Emissions pricing revenues could overcompensate profit losses of fossil fuel owners
Revenues from global carbon emission pricing could exceed the losses fossil fuel owners suffer from this policy. Stabilizing global warming at around 2 degrees Celsius by cutting greenhouse-gas emissions from fossil fuels would mean to leave much of coal, gas and oil unused underground.
Yet the instrument of pricing global CO2 emissions could generate a revenue of 32 trillion US dollars over the 21st century, exceeding by far the 12 trillion US dollars reduction of fossil fuel owners' profits, according to a study now published by scientists of the Potsdam Institute for Climate Impact Research. The analysis of the interference of CO2 emission pricing with fossil fuel markets adds key information to the debate on macro-economic effects of climate change mitigation.
"Implementing ambitious climate targets would certainly scale down fossil fuel consumption, so with reduced demand their prices would drop," says Nico Bauer, lead-author of the study. "The resulting profit loss would be overcompensated by revenues from auctioning emissions permits or taxing CO2, which are two of the possible instruments of climate policy." They would set strong incentives to reduce greenhouse-gases. The present study – for the first time - provides a full characterization of the fossil fuel markets and the impacts of climate policies. "We were surprised to find that in fact revenues from emissions pricing were found to be at least twice as high than the profit losses we estimate for the owners of fossil fuels."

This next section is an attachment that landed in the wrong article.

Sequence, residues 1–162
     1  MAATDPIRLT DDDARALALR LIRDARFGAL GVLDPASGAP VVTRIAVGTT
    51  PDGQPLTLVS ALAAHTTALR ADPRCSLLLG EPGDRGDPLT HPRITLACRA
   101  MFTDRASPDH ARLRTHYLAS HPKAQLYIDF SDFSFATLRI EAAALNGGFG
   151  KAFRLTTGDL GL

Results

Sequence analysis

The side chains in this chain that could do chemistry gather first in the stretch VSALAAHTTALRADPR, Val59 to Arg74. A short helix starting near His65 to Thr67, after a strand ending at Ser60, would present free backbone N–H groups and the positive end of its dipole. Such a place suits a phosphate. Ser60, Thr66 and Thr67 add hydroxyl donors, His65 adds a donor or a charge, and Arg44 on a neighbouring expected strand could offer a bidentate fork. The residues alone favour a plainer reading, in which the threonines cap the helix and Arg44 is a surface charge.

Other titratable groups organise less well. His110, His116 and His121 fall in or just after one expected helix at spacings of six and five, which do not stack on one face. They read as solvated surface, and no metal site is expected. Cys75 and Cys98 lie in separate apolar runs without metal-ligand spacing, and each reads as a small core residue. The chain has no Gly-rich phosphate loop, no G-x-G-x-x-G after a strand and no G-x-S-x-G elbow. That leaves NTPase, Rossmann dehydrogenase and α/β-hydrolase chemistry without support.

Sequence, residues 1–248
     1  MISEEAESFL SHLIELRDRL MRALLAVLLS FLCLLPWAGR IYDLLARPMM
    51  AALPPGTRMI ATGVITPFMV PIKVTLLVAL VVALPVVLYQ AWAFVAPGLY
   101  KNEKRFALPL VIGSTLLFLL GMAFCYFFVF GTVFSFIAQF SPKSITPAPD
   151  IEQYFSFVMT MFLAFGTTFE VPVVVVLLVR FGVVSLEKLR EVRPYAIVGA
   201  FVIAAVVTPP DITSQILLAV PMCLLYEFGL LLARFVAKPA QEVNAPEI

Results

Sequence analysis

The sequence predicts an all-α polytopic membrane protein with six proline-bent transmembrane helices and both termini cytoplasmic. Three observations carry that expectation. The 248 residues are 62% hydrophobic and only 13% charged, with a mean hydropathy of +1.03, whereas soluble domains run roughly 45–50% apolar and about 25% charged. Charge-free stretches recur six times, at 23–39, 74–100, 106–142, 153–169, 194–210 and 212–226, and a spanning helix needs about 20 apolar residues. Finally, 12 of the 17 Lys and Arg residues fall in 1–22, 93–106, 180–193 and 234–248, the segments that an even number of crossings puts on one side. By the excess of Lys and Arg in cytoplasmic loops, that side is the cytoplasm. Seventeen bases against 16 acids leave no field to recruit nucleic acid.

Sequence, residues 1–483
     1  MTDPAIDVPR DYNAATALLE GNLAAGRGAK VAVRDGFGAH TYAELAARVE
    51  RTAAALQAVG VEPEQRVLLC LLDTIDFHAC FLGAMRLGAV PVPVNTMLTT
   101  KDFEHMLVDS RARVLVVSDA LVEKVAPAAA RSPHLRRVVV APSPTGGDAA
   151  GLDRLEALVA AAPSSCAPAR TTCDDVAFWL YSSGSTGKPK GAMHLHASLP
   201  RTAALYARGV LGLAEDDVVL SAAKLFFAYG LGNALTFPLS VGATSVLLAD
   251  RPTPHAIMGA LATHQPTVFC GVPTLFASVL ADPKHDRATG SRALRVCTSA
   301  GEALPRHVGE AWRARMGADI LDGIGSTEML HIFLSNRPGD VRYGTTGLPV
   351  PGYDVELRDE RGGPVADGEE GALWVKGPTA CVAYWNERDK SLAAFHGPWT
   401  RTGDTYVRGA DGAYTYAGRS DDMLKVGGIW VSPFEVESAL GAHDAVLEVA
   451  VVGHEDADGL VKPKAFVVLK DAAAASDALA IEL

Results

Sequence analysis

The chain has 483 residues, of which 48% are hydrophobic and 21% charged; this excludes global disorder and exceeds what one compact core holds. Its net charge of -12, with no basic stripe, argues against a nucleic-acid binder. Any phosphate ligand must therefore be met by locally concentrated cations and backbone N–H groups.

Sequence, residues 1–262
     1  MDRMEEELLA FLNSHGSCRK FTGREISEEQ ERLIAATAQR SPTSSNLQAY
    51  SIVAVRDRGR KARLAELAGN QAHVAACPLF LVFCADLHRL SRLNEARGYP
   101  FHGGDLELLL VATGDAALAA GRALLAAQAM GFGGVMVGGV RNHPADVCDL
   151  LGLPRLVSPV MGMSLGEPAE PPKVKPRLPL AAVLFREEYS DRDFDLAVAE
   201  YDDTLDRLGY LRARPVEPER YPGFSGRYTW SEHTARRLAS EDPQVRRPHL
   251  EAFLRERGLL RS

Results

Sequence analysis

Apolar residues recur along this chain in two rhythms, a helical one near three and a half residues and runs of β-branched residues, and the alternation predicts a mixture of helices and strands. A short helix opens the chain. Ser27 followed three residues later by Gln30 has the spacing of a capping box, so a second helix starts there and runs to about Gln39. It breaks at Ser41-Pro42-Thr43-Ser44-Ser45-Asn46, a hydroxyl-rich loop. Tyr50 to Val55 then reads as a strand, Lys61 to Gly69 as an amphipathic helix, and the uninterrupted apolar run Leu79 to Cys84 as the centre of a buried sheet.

"There might be many appetites for the money"
Still, this holds at the global level only. On the national level, things look different, the scientists point out. Fossil fuel income depends on natural endowments, which are not distributed equally across the world. The distribution of revenues from emissions pricing depends on how climate policies are implemented on a national and international level. "Moreover, revenues from pricing carbon cannot be simply seen as a compensatory fund for the loss of income from fossil fuels," says Bauer. "This is because climate policy results in higher energy prices for households and companies, which lead to a – rather small – reduction of economic output. So there might be many appetites for the money raised from CO2 pricing."
"We know that fossil fuel owners will lose out on profits, but the big question is who will benefit from the new revenues generated by climate policy? It will fall to policy makers and society at large to decide this," adds Elmar Kriegler, project leader and co-author of the study. "It would be interesting to ask for the effect of using the revenues from carbon pricing to finance infrastructure investments in developing countries."
Different effects on coal and oil
Under the scenario of climate policy, coal consumption is reduced much stronger than oil and gas consumption. A large share of the coal reserve would never be used, while the use of oil and gas would still exceed their conventional reserves – leaving underground only the vast amounts of unconventional oil and gas resources. However, since coal is plentiful and relatively easy to substitute by other forms of energy, like renewables for power generation, the profit losses from reduced coal use are much smaller than for oil and gas. The highest profit losses occur in the oil market. Oil is relatively scarce and hard to substitute, for instance in the transport sector. So there normally is a lot of money to be made – and hence a lot of money to be lost in the case of effective greenhouse-gas reductions.